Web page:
Relief: His Royal Highness Gyaltshab Jigme Dorji Wangchuck granted semso to the victims of the recent fire mishap in Mongar town yesterday.

The Mongar town fire that lasted for more than five hours has left 28 families homeless with their homes razed to the ground.

Most of the victims, comprising of six landlords and 22 tenants could not save their belongings.

Each landlord was granted Nu 10,000 semso with blankets, and utensils. The tenants received Nu 15,000 each with blankets and other basic items such as utensils and water containers, among others.

HRH the Gyaltshab delivered His Majesty’s semso and relief kits to the families affected by the fire in Mongar town yesterday. A total of 29 families have been affected by the fire.

HRH the Gyaltshab arrived in Mongar from Gyalpoizhing immediately after the fire began, and conveyed Royal Commands to coordinate firefighting efforts.

After the fire was contained, HRH the Gyaltshab met the victims to convey His Majesty’s deep concerns, as well as the Royal Command to the dzongkhag to immediately extend all support necessary.

On the Command of His Majesty The King, the Office of the Gyaltshab and Mongar dzongkhag arranged accommodation, food and other relief measures for the affected families.

His Royal Highness Gyaltshab Jigme Dorji Wangchuck is His Majesty’s representative in the east.

The victims expressed their gratitude for the timely help.

One of the tenants, Karma Choki said: “My gratitude to His Majesty The King knows no measure for what we have received. It’s sad that our misfortune has cost the country.

Another tenant, Sangay Dorji said his family didn’t save anything except for the clothes they were wearing. The father of two, the oldest aged seven, works as the dzongkhag administration’s driver and his wife is a supporting staff in the Mongar Regional Referral Hospital.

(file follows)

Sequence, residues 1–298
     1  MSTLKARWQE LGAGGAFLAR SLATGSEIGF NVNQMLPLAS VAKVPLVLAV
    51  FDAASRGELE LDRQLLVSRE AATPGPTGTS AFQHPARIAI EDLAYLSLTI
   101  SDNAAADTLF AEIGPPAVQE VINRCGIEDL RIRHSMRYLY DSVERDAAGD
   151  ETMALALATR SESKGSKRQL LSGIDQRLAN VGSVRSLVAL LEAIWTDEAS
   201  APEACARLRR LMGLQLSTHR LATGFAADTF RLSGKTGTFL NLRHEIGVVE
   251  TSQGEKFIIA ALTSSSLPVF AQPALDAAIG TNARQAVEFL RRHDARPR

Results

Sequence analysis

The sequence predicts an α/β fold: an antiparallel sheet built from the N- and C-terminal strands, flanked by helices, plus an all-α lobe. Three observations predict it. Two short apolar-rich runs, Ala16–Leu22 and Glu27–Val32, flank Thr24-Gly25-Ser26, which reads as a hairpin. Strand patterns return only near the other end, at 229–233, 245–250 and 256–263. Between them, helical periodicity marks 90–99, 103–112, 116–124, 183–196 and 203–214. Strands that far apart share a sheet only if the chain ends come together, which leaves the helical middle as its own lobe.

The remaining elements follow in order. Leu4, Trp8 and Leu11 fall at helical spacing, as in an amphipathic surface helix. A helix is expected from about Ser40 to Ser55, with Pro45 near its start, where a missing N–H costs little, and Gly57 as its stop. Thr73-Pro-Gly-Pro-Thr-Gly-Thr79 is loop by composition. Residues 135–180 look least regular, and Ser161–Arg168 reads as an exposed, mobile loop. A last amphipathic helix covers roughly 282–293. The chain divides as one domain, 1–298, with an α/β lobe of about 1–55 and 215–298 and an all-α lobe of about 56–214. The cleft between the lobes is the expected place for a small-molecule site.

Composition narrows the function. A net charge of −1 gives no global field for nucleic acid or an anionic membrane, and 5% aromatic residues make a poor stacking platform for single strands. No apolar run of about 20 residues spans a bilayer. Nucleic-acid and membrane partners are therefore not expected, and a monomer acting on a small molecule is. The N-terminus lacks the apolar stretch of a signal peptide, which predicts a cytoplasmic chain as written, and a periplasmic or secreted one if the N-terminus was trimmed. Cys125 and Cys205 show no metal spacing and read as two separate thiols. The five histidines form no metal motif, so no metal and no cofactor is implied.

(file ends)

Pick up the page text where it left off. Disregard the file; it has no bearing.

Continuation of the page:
HRH Jigme Dorji Wangchuck remained in Mongar town to oversee the assistance to the victims.

Prime Minister Tshering Tobgay arrived in the town, with National Assembly Speaker Jigme Zangpo and senior government officials, on the command of His Majesty The King yesterday morning. He inspected the houses damaged during the mishap.

Lyonchoen also met with the victims, house owners, and business people in the evening.

He said that a worse disaster in Mongar was prevented due to the supervision of HRH Gyaltshab Jigme Dorji Wangchuck.

HRH the Gyaltshab spearheaded efforts to contain the fire with armed forces personnel, Desuups, civil servants, students, residents and volunteers.

Lyonchoen instructed the dzongkhag officials on what needed to be done immediately as safety measures. He assured the victims that they will be provided with insurance as soon as possible.

The government will also provide students with books and stationary.

The fire was extinguished after a house was dismantled using an excavator to create a firebreak as all the traditional houses were built attached to one another.

Mongar police suspect a gas cylinder leak to be the cause of the fire. The fire razed four traditional houses and the attics of two other buildings.

A fire fighter, a constable with the Mongar Police, broke three of his ribs while trying to put off the fire. He was airlifted to the Jigme Dorji Wangchuck National Referral Hospital yesterday.

The dzongkhag disaster and administration arranged temporary shelters at the Mongar Lower Secondary School for affected families and provided tents and tarpaulin.

The house owner of a two-storey traditional house, Kinley Penjor, 52, said that most of his tenants were low-income families. He and his family stayed at a friend’s place during the night of the incident.

The fire started from the attic of a two-storey traditional building near Namgay Hotel above the children’s park in Mongar town, located close to the fuel depot, at around 4pm.

About half a dozen cylinders exploded as the fire continued to consume the homes one after another, jumping to a row of houses next to Neulee Hotel and the choeten.

Residents panicked and threw their belongings out onto the road. Many even left the town with whatever they could manage to fit into their vehicles fearing an explosion if the nearby fuel depot caught fire.

People broke windows, and pulled down parts of walls  to save whatever belongings they could.

The dzongkhag administration officials, desuups, armed forces, volunteers and other businessmen worked through the night.

Tashi Phuntsho and Tshering Palden